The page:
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                    • #40
                      Originally posted by AP90 View Post
                      Alright guys, so we've established that its not worth diving into with a new press, prepress, bindery and all that good stuff. Yes, I understand that a new Heidelberg and new muller martini will set me back $1 million. Lets be logical though. All I hear from offset guys is these things are tanks, they run forever, etc. So lets be realistic and say I pick up a used 4 color press. Im guessing to make it economical id need a 29" press correct? What I don't understand is why a lot of presses out there are only 14x20 or there abouts. Seems like it would take forever to do any type of magazine printing over say 16-20 pages. Maybe Im wrong though. I don't know offset stuff. But in all honesty, isn't there enough used equipment out there that if I save up, pay cash for, and take part of my profits from my outsourced offset jobs to pay for a pressman that I could get into offset. Its not that I just want to produce my own stuff, it just gives me the ability to bring more offset jobs into our company. I mean its hard to go out and pull clients from people when im having to pay what they end up paying for an offset job. I know there are ways of doing it, but I sell to a lot of print buyers.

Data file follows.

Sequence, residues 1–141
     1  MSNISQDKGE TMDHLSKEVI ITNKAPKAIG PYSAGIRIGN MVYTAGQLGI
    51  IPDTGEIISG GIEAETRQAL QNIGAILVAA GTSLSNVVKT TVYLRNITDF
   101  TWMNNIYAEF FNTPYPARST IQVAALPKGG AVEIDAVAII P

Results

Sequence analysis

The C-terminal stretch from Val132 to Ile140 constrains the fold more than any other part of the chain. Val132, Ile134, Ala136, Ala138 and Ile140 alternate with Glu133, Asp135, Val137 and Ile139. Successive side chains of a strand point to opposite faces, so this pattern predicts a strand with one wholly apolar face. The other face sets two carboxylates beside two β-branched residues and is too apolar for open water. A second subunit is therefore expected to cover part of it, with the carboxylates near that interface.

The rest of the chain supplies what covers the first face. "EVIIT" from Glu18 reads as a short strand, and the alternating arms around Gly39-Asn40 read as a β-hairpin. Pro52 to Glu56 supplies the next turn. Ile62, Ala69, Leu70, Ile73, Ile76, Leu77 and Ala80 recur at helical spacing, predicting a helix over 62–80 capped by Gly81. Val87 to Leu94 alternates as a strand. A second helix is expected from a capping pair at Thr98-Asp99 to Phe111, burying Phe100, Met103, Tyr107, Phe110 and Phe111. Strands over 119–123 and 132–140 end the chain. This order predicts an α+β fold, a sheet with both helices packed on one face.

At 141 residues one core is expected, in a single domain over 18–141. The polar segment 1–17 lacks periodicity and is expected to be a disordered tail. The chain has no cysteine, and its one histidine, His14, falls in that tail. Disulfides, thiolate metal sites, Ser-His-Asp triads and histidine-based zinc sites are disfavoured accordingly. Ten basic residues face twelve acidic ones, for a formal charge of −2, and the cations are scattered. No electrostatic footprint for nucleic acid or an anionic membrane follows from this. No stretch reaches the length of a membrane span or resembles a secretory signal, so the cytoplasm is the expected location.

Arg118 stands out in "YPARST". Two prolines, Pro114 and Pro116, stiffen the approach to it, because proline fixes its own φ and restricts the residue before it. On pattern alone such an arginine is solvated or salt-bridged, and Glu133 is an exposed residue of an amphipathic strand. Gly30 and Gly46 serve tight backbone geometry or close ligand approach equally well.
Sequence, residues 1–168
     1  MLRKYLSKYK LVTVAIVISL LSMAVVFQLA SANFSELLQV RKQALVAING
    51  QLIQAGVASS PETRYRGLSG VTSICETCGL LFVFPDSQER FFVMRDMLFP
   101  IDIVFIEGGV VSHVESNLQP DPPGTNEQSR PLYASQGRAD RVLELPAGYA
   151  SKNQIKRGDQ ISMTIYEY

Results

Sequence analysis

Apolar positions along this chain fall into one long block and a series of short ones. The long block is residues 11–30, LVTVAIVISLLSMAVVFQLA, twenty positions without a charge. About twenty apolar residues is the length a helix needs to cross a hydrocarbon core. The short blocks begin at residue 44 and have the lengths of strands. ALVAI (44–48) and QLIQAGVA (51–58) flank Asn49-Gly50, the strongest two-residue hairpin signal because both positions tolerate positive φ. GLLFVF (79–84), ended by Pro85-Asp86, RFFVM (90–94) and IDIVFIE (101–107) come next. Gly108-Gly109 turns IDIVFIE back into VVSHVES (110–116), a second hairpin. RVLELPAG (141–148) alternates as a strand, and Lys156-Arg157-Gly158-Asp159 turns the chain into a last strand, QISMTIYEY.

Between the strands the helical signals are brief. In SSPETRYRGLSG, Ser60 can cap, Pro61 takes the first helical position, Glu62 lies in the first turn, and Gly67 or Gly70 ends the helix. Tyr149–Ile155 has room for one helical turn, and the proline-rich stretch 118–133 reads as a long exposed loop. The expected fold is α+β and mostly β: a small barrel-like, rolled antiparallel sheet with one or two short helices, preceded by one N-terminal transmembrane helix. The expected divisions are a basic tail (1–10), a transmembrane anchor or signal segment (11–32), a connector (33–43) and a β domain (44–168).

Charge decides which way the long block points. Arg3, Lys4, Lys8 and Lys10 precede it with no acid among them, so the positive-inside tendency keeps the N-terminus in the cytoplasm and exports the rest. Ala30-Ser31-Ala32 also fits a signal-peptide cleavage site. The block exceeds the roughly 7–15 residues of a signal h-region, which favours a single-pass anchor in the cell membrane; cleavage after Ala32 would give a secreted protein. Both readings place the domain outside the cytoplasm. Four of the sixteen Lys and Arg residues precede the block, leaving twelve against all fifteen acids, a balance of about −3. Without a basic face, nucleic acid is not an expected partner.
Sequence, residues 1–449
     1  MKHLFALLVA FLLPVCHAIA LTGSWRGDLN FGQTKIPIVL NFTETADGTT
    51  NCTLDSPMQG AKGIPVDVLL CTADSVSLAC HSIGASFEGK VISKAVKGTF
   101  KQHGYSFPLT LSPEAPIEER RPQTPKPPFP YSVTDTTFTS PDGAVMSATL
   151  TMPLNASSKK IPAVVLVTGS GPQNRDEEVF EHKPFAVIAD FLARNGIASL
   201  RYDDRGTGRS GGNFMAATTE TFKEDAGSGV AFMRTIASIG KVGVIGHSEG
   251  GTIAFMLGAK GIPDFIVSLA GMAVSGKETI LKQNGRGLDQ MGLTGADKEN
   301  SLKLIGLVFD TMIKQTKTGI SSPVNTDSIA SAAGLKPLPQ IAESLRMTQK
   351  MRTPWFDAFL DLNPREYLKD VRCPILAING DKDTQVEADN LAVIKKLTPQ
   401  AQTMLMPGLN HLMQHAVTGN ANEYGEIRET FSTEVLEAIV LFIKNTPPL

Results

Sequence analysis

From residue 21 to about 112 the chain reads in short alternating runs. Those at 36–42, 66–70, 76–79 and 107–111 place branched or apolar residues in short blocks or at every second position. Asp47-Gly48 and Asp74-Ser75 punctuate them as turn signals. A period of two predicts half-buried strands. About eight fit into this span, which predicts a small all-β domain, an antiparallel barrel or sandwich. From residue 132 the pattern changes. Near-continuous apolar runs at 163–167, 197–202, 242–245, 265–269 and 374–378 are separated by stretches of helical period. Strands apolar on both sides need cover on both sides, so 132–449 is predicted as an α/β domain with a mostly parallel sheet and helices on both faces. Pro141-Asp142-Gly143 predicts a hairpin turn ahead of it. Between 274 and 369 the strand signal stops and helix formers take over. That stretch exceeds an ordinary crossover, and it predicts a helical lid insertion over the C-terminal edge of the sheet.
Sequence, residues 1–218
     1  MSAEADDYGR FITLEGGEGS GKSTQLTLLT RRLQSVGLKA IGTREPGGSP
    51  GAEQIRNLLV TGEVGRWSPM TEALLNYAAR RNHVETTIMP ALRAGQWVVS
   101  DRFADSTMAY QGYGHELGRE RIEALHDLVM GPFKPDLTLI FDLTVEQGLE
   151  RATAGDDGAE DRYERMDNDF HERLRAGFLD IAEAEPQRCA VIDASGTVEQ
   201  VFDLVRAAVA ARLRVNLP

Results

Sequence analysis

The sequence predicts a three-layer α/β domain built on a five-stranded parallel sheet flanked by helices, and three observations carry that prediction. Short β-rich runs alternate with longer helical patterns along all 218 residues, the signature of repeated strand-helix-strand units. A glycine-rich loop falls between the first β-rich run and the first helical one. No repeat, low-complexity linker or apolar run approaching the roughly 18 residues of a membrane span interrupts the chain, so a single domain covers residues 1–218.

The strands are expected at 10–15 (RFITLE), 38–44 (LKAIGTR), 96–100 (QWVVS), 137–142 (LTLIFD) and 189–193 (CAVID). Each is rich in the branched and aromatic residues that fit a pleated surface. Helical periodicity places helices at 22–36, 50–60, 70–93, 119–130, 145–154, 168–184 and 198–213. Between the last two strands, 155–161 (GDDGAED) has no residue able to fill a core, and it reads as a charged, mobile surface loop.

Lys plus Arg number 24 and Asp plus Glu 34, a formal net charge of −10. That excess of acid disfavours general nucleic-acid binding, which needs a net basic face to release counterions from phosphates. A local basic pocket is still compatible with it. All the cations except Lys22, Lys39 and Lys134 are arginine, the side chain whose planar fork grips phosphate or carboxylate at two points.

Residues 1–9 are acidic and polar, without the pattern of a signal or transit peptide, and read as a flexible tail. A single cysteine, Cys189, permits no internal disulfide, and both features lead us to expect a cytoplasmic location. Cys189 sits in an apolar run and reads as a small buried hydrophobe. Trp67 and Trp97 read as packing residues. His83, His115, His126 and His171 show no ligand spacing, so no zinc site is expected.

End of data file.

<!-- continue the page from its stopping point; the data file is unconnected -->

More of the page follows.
So, is there any way it is economical to run say a GTO 52 or a DI, a duplo 3 tower system, and produce 3500 magazines that are 68 pages?
                      AP . . . while its true that some of the presses out there are built like tanks some are not - and you get what you pay for . . . more important than buying the equipment is getting the experience to use it . . . press work is one thing, bindery another . . you could probably get a handle on the CTP issues pretty quick, IMHO you need to get somebody that is well versed in the industry and has been for years because you are talking about machines that are not state of the art "green button" machines. My "newest" presses are of a vintage 1978 and being Heidelbergs and having been properly maintained they preform wonderfully, but it's our pressman that makes them sing. The last time we bought a press we flew our pressman to the location and had him check the machine out and make sure it would do what we wanted, I didn't even go because my current knowledge on that subject is woefully short, I haven't run a press for 20 years now . . . I know what they do very well but can't make them do it anymore.

                      Get yourself an expert and take his advice! Oh and one more thing, I remember telling my brother that we don't need to worry about floor space for the press . . . its where you are going to put the paper that is going to go into the press and once it comes out . .. takes 3 - 4 x the footprint of the press . . . just sayin
                      "If you think you are too small to be effective
                      you have never been in the dark with a mosquito."